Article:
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Special Edition: Reflections from the Racial Awareness Event

Fri 23 Jul 2021 - Davina Vencatasamy
Davina Vencatasamy qualified as a Music Therapist in 2006 from ARU and has been working in SEN and Mental Health settings ever since with a wide range of client groups. She is currently focussed on working on EDIB issues in Music and Music Therapy.
Following the findings of the BAMT Diversity survey and report, on the 24th April 2021 the British Association for Music Therapy began their journey into exploring the issues of race in Music Therapy. The Diversity Report (BAMT 2020) highlighted sever gaps in the diversity makeup of the profession. One the whole, we are made up of white, middle class, cis gendered, heterosexual women. However, for those of us on the margins, it has been a struggle to get our voices heard, particularly in the arena of race. Race can instantly shut down conversations, put up defences and wound with impunity, however unintentional.
Overview of Racial Awareness Event

The event was a powerful overview of some of the lived experience of its members, some of which had been marginalised for a long time.  In giving a voice to their members of colour, BAMT have started to listen to difference of experience and are now driven to engender change for the profession.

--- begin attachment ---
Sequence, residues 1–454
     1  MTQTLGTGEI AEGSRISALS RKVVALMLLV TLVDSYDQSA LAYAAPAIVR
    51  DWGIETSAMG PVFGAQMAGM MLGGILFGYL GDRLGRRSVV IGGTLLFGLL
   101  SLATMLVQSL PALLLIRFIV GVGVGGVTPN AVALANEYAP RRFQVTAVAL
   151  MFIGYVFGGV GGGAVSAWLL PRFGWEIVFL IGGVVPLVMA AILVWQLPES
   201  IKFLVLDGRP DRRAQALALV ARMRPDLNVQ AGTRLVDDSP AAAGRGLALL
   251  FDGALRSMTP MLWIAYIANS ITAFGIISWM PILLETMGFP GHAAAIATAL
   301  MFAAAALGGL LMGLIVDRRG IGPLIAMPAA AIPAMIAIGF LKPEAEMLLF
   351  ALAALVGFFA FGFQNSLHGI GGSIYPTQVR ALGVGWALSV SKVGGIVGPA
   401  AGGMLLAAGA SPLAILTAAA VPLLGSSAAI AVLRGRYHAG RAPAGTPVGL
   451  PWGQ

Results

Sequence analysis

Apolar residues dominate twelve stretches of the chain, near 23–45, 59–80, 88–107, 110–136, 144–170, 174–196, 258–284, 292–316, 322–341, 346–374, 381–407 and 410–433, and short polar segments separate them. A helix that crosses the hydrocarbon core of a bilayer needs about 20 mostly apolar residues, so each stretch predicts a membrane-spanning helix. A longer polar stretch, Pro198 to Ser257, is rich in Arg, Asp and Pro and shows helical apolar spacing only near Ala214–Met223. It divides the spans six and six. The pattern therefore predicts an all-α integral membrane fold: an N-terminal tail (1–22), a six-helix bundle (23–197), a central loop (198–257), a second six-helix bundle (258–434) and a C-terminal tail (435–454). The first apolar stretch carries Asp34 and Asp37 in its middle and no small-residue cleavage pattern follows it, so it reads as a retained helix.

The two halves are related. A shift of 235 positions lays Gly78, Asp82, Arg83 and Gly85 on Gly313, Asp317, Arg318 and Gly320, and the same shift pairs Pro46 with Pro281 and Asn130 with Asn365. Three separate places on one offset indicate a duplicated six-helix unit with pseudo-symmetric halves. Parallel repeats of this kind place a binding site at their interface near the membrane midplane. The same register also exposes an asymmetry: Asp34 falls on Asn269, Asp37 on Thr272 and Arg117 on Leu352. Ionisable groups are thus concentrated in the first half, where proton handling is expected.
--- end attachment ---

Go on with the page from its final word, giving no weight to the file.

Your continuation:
Davina Wilson led the day, framing the beginning of the day using a TED talk featuring Caprice Hollins.  It spoke openly and clearly about opening up race conversations to give space to the pain and difficulties that lie within them.  She asked us to acknowledge our defences when thinking about our own complicity in racism whether that is at an unintentional level or being part of a system, which is inherently racist.  Some of those defences were witnessed on the day which highlighted the amount of work that we need to do, however, it was extremely positive to finally have started a process which exposes these defences so we can confront them and learn from them together.